Author: Trevor Popoff
Every Canadian knows Calgary’s tropes. It’s an oil town. It’s the gateway to the Rockies. It knows how to put on a good show every year for the Calgary Stampede. But right before our eyes, Calgary is becoming known for something else: its weather is going berserk.
Part of this comes down to geography. Calgary is a convergence point for high elevation winds from the mountains, northernly cold winds, and humid air from the south. This causes the city to experience some of the most unpredictable weather in the world.
Another part comes down to climate change. Calgarians are seeing events tick up in intensity, as well as frequency, in part due to the pressures that the changing climate is exerting on the already chaotically situated region.
Toby Bellis, the leader of community and education with the Calgary Emergency Management Agency, says he’s seen it all. “We have a lot of severe weather,” he said. “I’ve responded to everything from wildfires, floods, heavy rainfall, hailstorms, winter storms, tornado warnings, high wind, summer storms, extreme temperature, poor air quality, basically everything you can name that isn’t a tsunami or an avalanche. We have it covered.”
Bellis expects the severity of these events to increase as climate change tightens its grip on the globe. “Climate change is having an influence and will continue to have an influence on these meteorological events in terms of frequency and intensity,” he said. “Some of the events we’re experiencing now have increased in intensity. We expect that will continue.”
That’s why CEMA is approaching the issue of managing severe weather events and climate change differently. They’ve introduced a revolutionary program that prioritizes educating the city about resilience before, during and after a storm strikes.
From street fairs to schools to private businesses, Bellis casts a wide net with his curriculum in hopes of educating every possible community on how to prepare themselves to cope with severe weather events and the changing climate. Beyond their interpersonal outreach, CEMA’s website is filled with content that covers off the emergencies that could possibly take place in the city, and how to prepare for them as a family, senior or person living with a disability.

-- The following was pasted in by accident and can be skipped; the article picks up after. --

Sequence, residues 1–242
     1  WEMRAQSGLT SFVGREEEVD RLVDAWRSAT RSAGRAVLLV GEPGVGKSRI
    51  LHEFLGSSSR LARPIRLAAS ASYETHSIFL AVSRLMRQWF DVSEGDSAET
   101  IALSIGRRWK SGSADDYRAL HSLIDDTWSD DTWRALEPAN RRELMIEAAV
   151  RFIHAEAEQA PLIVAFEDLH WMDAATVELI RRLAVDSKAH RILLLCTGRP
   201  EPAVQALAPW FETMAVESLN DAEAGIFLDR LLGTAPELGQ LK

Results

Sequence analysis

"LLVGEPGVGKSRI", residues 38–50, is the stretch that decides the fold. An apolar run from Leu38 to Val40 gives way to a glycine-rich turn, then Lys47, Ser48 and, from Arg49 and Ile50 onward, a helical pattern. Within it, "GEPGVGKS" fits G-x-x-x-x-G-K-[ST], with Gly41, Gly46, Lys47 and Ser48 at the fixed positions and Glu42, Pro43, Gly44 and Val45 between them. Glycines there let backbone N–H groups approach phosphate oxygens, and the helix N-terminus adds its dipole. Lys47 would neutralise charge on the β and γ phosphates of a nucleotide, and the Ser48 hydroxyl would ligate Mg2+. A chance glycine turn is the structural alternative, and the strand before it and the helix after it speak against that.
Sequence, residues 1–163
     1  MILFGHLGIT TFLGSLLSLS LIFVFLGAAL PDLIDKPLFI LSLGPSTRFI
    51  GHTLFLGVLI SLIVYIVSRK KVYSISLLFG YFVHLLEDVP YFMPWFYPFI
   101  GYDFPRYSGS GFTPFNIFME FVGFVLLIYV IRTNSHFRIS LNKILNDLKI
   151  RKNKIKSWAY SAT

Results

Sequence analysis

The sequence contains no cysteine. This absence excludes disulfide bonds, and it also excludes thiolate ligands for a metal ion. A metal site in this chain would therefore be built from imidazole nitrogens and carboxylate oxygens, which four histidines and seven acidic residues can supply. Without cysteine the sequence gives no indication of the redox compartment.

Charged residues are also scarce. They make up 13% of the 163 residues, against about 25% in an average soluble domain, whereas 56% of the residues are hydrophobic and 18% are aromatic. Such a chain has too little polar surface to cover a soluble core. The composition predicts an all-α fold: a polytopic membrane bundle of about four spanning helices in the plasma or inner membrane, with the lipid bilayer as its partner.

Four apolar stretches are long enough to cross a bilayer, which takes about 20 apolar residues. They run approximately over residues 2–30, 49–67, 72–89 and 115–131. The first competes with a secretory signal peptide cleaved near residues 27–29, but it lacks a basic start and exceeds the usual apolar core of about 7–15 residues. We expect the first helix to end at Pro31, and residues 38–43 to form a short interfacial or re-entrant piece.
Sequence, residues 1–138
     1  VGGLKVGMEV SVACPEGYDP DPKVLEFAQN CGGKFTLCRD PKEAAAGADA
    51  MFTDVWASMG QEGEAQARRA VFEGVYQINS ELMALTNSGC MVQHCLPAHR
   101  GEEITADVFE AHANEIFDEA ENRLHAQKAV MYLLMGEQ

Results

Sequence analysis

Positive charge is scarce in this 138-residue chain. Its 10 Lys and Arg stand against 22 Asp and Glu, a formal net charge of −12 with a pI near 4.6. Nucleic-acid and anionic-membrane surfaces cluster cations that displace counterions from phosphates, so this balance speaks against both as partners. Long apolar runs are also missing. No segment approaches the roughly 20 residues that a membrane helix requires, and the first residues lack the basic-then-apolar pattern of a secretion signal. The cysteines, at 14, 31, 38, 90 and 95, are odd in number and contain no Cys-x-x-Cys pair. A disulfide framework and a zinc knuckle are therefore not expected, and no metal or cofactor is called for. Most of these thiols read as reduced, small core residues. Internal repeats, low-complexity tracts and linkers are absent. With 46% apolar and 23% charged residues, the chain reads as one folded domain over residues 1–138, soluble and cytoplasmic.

Bellis says that the program is targeted towards two main groups that are disproportionately affected by climate disasters: Vulnerable populations (e.g., new Canadians, seniors, those with low income, persons with disabilities, youth) and high-risk areas such as communities situated on a floodplain).
“Disasters are really a reflection of underlying social inequities,” Bellis said. “Each climate hazard has unique dimensions that can offer disproportionate impacts on one group. A lot of our work is based on increasing capacity and bolstering that inherent resilience that already exists within communities.”
Even though he’s a veteran of dealing with climate resilience, Bellis admits that it’s still a difficult concept to wrap your head around. “It’s both very dynamic and complex,” he said, adding that everything from health to disaster mitigation to awareness to economic influences have to be taken into account.
Still, Bellis has a barometer, and it comes in the form of social capital. “Social bonds and social capital, as well as social accountability for community members is the greatest indicator of success during recovery from an event,” Bellis said. From neighbours helping other neighbours to evacuate their homes to ensuring that the senior with a disability down the street is OK, social capital can take on many forms. “It’s all about those relationships and bonds and ties that people have within their community,” Bellis said.
Bellis adds that resilience also means empowerment, in that people are emboldened to take action themselves in the face of an event, instead of relying on a city’s overtaxed emergency response crews. “It’s so they understand how they can collectively respond and recover from events and organize themselves to be prepared as individuals and communities,” Bellis said. He believes that if his organization can increase people’s capacity to handle events, then they’ll tap into the wealth of self-protective behaviours now equipped to their toolbelts.
CEMA has also developed an online course that Calgarians can take to better prepare themselves for emergencies. As of May 2021, it has been accessed over 11,000 times. “We have a survey built into the course, and usually over 90 per cent of respondents say they feel more prepared for emergencies after taking the course,” Bellis said. “We’ve had some really good uptake with that.”
While Calgarians clearly feel the need to get up to speed on natural emergencies, the statistics from other jurisdictions across Canada paint a different picture of how ready the nation is for environmental disasters. When it comes to amalgamating an emergency kit to deal with an event, 85 per cent of Canadians agree that having one is important, but only 40 per cent have actually prepared or purchased the necessary items.
Bellis feels that Calgary’s unique positioning as one of the hotbeds for extreme weather events has made his city the example for other municipalities who too might soon be faced with similar issues. “We’re kind of like the canary in the coal mine for other jurisdictions that don’t experience the number and variety of natural hazards that we do,” Bellis said. “They can see what our experience has been here and understand what it might look like for them in the future. In a lot of ways, we’re probably ahead of other jurisdictions in terms of our disaster risk reduction work simply out of necessity.”